|Rep. Greg Vitali
166th Legislative District
Vitali bill would increase Pa. renewable energy requirements
HARRISBURG, Feb. 15 – State Rep. Greg Vitali today introduced legislation which would increase the amount of electricity companies such as PECO and PPL must obtain from renewable sources such as wind and solar. Vitali said the purpose of the legislation is to help address climate change and create good, green jobs.
"Superstorm Sandy was a reminder of the consequences we face if we ignore the climate change issue," said Vitali, Democratic chairman of the House Environmental Resources and Energy Committee. "We will not solve this problem without increasing our use of renewable energy.”
House Bill 100 would amend the Pennsylvania Alternative Energy Portfolio Standards Act by requiring Pennsylvania electric companies to obtain 15 percent of their power from renewable sources by 2023. The AEPS now requires electric companies to purchase 8 percent of their power from renewable sources by 2021. For 2013, Pennsylvania’s AEPS requires 4 percent to come from renewable energy sources.
Currently, 0.05 percent of Pennsylvania electricity must come from solar energy, and that would increase to 0.5 percent under the AEPS in place by 2021. Vitali's bill would increase that amount to 1.5 percent by 2023.
Vitali also noted that in contrast to Pennsylvania's law, New Jersey will require 17.88 percent of its energy to come from renewable sources by 2021 and 4.1 percent from solar sources by 2028. For 2013, New Jersey requires 7.1 percent to come from renewables.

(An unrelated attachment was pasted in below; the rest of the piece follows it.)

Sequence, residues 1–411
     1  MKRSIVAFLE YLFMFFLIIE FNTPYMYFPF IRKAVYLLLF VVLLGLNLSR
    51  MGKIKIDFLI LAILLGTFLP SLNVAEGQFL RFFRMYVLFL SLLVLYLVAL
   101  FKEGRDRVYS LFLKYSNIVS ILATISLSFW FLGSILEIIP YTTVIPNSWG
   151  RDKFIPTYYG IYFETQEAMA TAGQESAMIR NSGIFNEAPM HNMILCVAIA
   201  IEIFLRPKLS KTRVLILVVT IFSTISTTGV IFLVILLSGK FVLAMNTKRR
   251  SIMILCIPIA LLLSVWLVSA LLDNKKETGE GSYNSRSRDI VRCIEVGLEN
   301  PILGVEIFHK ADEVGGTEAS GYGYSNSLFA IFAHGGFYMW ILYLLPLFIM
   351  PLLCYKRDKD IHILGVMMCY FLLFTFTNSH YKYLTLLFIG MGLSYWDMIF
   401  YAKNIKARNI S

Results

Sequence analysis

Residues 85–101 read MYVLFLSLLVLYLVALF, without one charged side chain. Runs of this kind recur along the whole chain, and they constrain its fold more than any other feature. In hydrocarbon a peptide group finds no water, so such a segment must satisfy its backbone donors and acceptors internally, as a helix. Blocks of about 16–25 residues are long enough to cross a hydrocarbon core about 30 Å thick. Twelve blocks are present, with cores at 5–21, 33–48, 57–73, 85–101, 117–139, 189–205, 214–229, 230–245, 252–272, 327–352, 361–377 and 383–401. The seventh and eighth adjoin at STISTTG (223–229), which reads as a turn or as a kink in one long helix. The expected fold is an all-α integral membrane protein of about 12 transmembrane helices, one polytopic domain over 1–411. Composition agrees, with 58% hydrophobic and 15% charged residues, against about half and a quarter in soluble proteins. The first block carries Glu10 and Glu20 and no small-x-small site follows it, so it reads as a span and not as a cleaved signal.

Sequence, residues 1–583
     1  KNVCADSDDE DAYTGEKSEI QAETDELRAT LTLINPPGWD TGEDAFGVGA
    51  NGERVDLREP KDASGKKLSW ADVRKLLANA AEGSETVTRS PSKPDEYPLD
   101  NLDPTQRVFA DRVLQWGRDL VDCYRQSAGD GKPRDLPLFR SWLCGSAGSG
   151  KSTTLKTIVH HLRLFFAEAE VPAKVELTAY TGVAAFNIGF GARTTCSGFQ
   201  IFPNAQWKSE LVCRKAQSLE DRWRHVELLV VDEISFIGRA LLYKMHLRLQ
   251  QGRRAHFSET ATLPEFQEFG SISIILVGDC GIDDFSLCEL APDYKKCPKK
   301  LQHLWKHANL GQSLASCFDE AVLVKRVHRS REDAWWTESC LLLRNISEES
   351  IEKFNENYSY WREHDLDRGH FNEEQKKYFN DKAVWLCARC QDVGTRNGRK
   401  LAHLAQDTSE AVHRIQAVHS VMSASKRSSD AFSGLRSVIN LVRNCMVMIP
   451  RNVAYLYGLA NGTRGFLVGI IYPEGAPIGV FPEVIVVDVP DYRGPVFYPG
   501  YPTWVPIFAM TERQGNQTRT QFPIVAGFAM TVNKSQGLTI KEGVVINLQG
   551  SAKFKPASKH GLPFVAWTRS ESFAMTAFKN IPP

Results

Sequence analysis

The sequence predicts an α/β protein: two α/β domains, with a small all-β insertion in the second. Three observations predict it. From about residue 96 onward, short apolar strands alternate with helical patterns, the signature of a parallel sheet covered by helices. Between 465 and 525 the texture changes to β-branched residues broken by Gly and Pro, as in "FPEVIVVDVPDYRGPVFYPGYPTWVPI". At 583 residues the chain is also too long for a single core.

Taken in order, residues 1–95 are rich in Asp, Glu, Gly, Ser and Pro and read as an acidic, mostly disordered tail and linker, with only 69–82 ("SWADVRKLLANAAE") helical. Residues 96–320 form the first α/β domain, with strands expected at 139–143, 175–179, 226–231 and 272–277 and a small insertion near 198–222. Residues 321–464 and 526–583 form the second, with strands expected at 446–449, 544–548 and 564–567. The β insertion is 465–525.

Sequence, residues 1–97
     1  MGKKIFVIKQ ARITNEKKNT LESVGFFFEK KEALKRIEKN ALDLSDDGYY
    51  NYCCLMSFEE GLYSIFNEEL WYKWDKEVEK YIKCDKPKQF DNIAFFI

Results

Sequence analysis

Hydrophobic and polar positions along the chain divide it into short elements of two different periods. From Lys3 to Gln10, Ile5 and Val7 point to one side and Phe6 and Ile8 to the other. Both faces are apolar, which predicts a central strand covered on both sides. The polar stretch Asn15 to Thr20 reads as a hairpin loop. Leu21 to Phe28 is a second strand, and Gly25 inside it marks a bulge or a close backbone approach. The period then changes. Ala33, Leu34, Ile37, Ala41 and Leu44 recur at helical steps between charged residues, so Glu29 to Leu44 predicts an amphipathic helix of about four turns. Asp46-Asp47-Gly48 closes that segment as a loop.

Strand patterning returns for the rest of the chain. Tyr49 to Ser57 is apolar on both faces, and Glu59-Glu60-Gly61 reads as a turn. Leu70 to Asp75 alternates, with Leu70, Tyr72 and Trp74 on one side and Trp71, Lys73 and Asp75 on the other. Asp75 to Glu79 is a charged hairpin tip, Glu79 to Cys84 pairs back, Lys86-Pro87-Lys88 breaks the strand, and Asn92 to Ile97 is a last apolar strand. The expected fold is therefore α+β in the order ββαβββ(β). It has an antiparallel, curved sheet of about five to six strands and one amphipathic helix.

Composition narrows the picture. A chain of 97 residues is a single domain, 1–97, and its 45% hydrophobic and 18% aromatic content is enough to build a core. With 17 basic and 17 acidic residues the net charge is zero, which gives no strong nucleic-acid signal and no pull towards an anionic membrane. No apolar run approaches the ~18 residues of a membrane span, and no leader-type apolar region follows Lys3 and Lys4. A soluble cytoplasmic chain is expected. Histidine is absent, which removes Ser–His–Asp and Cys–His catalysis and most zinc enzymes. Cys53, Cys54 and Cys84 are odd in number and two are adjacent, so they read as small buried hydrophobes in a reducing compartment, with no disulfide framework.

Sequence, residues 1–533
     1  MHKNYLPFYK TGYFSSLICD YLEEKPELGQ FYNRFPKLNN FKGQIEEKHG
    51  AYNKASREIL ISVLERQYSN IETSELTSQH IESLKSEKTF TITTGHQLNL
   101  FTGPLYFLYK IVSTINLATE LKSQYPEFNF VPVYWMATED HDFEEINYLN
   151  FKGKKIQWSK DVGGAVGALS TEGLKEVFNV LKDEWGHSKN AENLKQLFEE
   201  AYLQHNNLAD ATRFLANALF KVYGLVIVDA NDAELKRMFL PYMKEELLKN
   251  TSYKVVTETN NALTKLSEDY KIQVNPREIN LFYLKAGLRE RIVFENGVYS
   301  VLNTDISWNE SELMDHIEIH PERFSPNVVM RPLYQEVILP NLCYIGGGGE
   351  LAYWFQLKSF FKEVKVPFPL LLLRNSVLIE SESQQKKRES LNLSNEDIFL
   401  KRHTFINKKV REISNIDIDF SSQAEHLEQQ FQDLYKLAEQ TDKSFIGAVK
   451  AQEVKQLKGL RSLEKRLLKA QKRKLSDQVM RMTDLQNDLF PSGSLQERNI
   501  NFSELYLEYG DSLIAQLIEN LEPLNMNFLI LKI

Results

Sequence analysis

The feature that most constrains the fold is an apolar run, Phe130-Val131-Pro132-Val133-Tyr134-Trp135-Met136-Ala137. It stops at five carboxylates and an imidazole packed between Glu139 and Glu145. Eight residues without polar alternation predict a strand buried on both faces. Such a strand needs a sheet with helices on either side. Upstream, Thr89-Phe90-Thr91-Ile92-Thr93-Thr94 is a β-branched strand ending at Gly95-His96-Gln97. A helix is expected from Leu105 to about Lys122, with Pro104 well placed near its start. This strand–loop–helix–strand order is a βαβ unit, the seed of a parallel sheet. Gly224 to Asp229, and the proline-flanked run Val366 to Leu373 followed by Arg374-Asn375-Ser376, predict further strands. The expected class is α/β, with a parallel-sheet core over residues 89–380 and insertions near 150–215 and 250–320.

Vitali said his legislation has another benefit – it would create good, green jobs during a time when unemployment in Pennsylvania remains high.
This is the second bill Vitali has introduced this legislative session to increase the amount of renewable energy Pennsylvania uses.
House Bill 200 would provide $25 million per year for the PA Sunshine Solar Program, which helps residents and small businesses install solar systems. The program has nearly exhausted its funding, and the Corbett administration has announced the program would stop taking applications by the end of the year.
Funding would come from an impact fee on Marcellus Shale natural gas drilling, which the state enacted last year.
House Bill 200 was referred to the Environmental Resources and Energy Committee.